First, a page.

Epidemiological evidence show that high UA level is a key risk factor for oxidative stress and is associated with early onset of metabolic, renal and cardiovascular disorders . Intracellular hyperuricemia causes inflammatory responses via activation of cyclooxygenase 2 and release of reactive nitrogen species (RNS) or reactive oxygen species (ROS). A study by Nagababu et al. demonstrated that oxidative stress was increased in iron-deficiency mice using fluorescence measurements. Higher fluorescence intensity was recorded in erythrocyte lysates from iron-deficient mice with anemia that in samples from the control mice . In addition, oxidative stress stimulates cation channels in erythrocytes thereby enhancing clearance of the iron-deficient erythrocytes, resulting in anemia in ID .
High level of uric acid was an indicator of acute, chronic and severe inflammation [31, 32]. SUA exhibits pro-inflammatory properties by the activation of the mitogen-activated protein kinase (MAPK) pathway and the phosphatidylinositol-3 kinase (PI3K)- Akt pathway, the inhibition of the adenosine monophosphate-activated protein kinase (AMPK) pathway, and the decline in nitric oxide (NO) synthesis . High SUA levels induce NLRP3 inflammasome and the release of interleukin-1β, ultimately stimulating an inflammatory cascade reaction . In community-dwelling older persons, SUA was positively correlated with IL-1ra, white blood cells, c-reactive protein, IL-18, neutrophil count, IL-6 and TNF-α. Abnormally high levels of c-reactive protein and IL-6 were observed in the SUA quintiles . In chronic inflammatory diseases, anemia is caused by low level of circulating iron. Inflammatory cytokines such as IFN-γ, IL-1 and TFN-α inhibit erythropoiesis and oxidizing agents cause damage to red blood cell membrane which reduces the lifespan of red blood cells . Thus, the positive correlation between high SUA level and anemia on the right of the inflection point may be driven by oxidative stress and inflammatory states.
Both anemia and hyperuricemia are associated with CKD progression. However, a significant association between anemia and uric acid was found even after adjustment for kidney function. This suggests a direct relationship between the two conditions, and not that they are merely coexisting conditions associated with renal function deterioration.
This study had a few limitations. First, the causal relationship was not be determined although it explored the correlation between SUA levels and anemia owing the cross-sectional nature of the study. Second, the current study did not assess the correlation between various types of anemia and uric acid level. Finally, reliance on data from an American population limits the generalizability of our findings. Further studies should determine whether the relationship between SUA and anemia exists in other populations and determine the mechanism underlying the role of SUA in anemia. Notably, the current study was the first to use a smooth curve to discover the non-linear connection between SUA and anemia thus it provides a basis for further studies.
In conclusion, the findings show that high and low SUA levels are linked to increasing anemia. Our analysis identified a non-linear relationship between SUA and anemia and revealed a U-shaped relationship for the entire population and the two genders. The SUA inflection point was 6.2 mg/dL. The safe range of SUA was 5.9-6.5 mg/dl, at which anemia rate was lowest. The SUA inflection point for males and females was 6.3 mg/dL and 4.4 mg/dL, respectively. The safe range of SUA in men and women was 6-6.5 mg/dL and 4.2-4.5 mg/dL, respectively, at which anemia rate was lowest. The SUA inflection point in the current study is consistent with reported clinical control threshold for gout patients. High vigilance is necessary when SUA value is above or below these thresholds. Further studies should be conducted to elucidate the biological pathways implicated in the relationship between SUA and anemia.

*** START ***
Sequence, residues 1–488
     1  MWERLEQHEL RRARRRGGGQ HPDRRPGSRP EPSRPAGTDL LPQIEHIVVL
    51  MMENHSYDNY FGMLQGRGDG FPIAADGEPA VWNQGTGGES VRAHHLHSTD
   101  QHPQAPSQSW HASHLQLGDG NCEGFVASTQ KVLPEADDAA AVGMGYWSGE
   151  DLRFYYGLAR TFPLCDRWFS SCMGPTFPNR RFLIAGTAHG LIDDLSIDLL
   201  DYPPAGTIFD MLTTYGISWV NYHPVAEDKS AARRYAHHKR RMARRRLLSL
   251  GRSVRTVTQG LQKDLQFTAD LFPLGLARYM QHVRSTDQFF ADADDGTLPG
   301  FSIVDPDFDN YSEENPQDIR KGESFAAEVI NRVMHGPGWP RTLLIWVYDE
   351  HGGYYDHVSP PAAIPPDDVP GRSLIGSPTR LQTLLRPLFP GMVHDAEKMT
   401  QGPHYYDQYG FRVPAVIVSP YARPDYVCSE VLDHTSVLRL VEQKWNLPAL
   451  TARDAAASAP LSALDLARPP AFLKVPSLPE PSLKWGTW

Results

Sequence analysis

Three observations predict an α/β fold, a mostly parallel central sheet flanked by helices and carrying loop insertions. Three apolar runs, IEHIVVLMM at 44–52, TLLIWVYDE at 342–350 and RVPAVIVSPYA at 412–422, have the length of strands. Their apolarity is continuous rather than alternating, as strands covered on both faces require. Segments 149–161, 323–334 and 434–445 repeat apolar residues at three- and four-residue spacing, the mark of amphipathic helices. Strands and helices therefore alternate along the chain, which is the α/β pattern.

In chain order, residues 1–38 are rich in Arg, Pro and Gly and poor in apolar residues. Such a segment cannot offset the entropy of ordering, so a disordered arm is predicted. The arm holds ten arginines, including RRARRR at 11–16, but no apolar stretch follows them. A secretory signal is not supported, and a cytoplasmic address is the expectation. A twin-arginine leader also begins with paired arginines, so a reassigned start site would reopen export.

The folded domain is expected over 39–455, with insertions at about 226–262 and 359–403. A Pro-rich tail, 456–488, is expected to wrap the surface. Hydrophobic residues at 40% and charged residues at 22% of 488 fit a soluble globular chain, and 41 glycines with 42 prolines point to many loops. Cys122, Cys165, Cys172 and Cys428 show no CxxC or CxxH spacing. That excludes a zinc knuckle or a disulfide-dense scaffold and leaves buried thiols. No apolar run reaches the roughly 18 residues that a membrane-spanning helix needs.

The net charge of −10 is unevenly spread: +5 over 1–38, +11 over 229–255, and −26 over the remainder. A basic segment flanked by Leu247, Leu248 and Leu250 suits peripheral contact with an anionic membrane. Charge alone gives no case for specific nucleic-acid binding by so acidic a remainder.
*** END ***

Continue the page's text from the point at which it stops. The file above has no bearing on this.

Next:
The NHANES datasets are available online: https://www.cdc.gov/nchs/nhanes/index.htm.
High serum uric acid
Estimated glomerular filtration rate
Chronic kidney disease
National Health and Nutrition Examination Survey
Body mass index
Iron deficiency anemia
World Health Organization
Urinary albumin-to-creatinine ratio
Generalized additive models
Reactive nitrogen species
Reactive oxygen species
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This study was conducted according to the guidelines of the Declaration of Helsinki and approved by the Institutional Review Board (or Ethics Committee) of the CDC NCHS Research Ethics Review Board (Protocol #2011-17). All procedures performed in studies involving human participants were in accordance with the ethical standards of the institutional and/or national research committee and with the 1964 Helsinki declaration and its later amendments or comparable ethical standards. All participants provided written informed consent.
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Wang, Y., Ming, J., Guo, Z. et al. Association of serum uric acid with anemia in U.S. adults: a cross-sectional study using secondary data. BMC Cardiovasc Disord 23, 291 (2023). https://doi.org/10.1186/s12872-023-03291-y
- Serum uric acid
- U-shaped curve
- US adults